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Coast Guard Auxiliary National Conference 2010

Arizona Puts Out The Welcome Mat
Coast Guard Auxiliary National Conference: Aug.26-29

SCOTTSDALE, Ariz. — On Aug. 26, National Commodore Nicholas Kerigan will open the 2010 Coast Guard Auxiliary National Conference at the Camelback Inn in Scottsdale. While the Arizona desert seems an unlikely venue for seafarers to meet, some 200 members of the Coast Guard Auxiliary serve on Arizona’s lakes and rivers.

Auxiliary members will share experiences, review policies, train and elect a new National Commodore, a new National Vice Commodore, and three new regional Area Commodores for the Atlantic, Midwest, and Pacific regions. About 800 Auxiliary members are expected as well as active-duty Coast Guardsmen and women and guests.

A Force Multiplier

The conference will focus on “Leadership, Performance & Readiness.” Coast Guard Auxiliary members, all civilian volunteers, train as boat coxswains, boat-crew members, aircraft pilots and observers, radio operators, cooks, and in other roles to support the many and varied missions of the Coast Guard. The Coast Guard Auxiliary is a force multiplier to the Coast Guard.

Boating always has been one of America’s favorite pastimes. Rowing and yachting races were among the most popular spectator sports through the 1930s. The wealth generated in post Civil War America, along with the growth of railroads, spurred the development of resorts, country homes, and the suburbs — all places to go boating.

The federal government began to construct large dams, reservoirs, and lake systems during the Depression, adding to waterways. With the development of the single-operator motorboat and the outboard engine at the turn of the twentieth century, the number of recreational boaters skyrocketed.

In 1939, the Coast Guard reported that there were more than 300,000 boats operating in federal waters. In the previous year it had received 14,000 calls for assistance and had responded to 8,600 “in peril” cases — a record number.

Boaters needed to be better trained in seamanship and federal law. At the same time, civilian yachtsmen were pressing the Coast Guard to establish a volunteer arm of the service.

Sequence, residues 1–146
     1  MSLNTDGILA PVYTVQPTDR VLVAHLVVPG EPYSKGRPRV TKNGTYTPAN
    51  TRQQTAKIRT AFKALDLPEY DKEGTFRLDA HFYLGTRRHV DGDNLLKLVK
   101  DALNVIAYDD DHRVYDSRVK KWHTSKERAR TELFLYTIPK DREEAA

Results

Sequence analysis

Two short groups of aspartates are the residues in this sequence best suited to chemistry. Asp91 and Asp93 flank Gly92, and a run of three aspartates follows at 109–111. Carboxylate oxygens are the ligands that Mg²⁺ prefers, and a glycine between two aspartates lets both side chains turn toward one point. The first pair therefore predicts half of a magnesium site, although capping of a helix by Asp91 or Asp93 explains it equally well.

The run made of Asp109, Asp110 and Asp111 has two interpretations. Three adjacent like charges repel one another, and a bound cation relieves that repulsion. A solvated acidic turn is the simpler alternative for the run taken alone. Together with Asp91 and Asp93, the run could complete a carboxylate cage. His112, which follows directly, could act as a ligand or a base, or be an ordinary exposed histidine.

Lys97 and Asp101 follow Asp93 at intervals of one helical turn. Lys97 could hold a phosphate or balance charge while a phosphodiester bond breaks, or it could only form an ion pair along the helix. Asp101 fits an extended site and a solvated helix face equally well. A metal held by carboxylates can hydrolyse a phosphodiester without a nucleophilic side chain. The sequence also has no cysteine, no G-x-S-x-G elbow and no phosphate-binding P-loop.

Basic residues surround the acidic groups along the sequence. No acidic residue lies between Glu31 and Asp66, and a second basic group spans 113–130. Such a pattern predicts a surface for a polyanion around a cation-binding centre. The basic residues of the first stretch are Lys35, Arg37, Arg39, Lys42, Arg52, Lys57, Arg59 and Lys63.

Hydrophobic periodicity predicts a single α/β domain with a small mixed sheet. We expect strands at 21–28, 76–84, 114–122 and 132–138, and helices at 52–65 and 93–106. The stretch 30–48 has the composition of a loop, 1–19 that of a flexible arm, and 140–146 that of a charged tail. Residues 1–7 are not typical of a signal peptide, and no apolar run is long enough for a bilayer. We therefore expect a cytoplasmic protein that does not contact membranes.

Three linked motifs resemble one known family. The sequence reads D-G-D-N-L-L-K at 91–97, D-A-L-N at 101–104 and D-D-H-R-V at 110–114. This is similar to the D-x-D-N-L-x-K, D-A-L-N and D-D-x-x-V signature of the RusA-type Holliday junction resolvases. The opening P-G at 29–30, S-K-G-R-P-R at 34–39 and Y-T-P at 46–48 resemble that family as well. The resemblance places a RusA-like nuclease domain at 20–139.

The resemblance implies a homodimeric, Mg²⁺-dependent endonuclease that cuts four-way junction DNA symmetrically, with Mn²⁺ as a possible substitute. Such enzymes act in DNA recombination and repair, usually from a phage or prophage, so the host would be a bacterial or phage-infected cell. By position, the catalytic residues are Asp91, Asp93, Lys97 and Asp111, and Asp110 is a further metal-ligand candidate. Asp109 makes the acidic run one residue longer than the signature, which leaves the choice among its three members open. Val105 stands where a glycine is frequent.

Birth Date: June 23, 1939

As a result of these demands, on June 23, 1939, the Congress passed legislation that established the Coast Guard Reserve, its volunteer civilian component, to promote boating safety and to facilitate the operations of the Coast Guard.

Groups of boat owners were organized into flotillas and these into divisions within Coast Guard Districts around the country. Members initially conducted safety and security patrols and helped enforce the provisions of the 1940 Federal Boating and Espionage Acts.

Then in February 1941, a military reserve was created and the volunteer Reserve was renamed the U.S. Coast Guard Auxiliary.

Following America’s entry into the World War II in December of 1941, recruits flooded into Auxiliary flotillas in a burst of patriotic fever. June 1942 legislation allowed Auxiliarists to enroll in the Coast Guard Reserve on a part-time, temporary basis. Throughout the war, some 50,000 Auxiliarists constituted the core of the temporary Reserve membership.

These reservists, along with newly enrolled civilians, performed coastal defense and search and rescue duties. They patrolled bridges, factories, docks, and beaches. They fought fires, made arrests, guided naval vessels, and conducted anti-submarine warfare.

As their ranks grew, thousands of active duty Coast Guard personnel were freed up for service overseas. Four Cornerstone Missions

Following the war, by 1950, the four traditional Auxiliary cornerstone missions of public education, operations, vessel examination, and fellowship had been established. The public education program yearly trains tens of thousands of boaters in seamanship, piloting, rules of the road, and weather, among other topics.

Specially qualified coxswain and crew members conduct search and rescue missions in their own boats and support Coast Guard missions. Auxiliary pilots and air observers search for boaters in distress, floating hazards, pollution spills, and ice-locked vessels.

Communications watch standers handle distress calls at Coast Guard and Auxiliary radio stations. Vessel examiners conduct Vessel Safety Checks under which recreational vessels are examined for properly installed federally required equipment and systems.

The Auxiliary has continued to grow with more than 30,000 members in the United States and its territories. Training is held at every level from the flotilla to national training schools. Leadership and management training, award programs, and data management systems ensure a high level of professionalism.

In 1996, new legislation expanded the Auxiliary’s role to allow members to assist in any Coast Guard mission, except direct law enforcement and military operations, as authorized by the Commandant. Auxiliarists can be found examining commercial fishing vessels, flying in C-130 aircraft, working in Coast Guard offices, and crewing with regulars.

Active Duty Coastguardsmen, Reservists, civilian employees, retirees, and Auxiliarists constitute Team Coast Guard.

Lives, Dollars Saved

In 2009, Auxiliary efforts resulted in 256 lives’ being saved, 4,351 persons’ being assisted, and $29.6 million dollars in property being saved. The Auxiliary fields over 5,000 watercraft and 200 aircraft and mans more than 2,641 radio stations throughout the USA.

The U. S. Coast Guard Auxiliary is the largest volunteer marine safety organization in the world and has fostered similar ones in other countries. During its more than sixty years, it has lived up to its motto of “A Proud Tradition, A Worthy Mission.”

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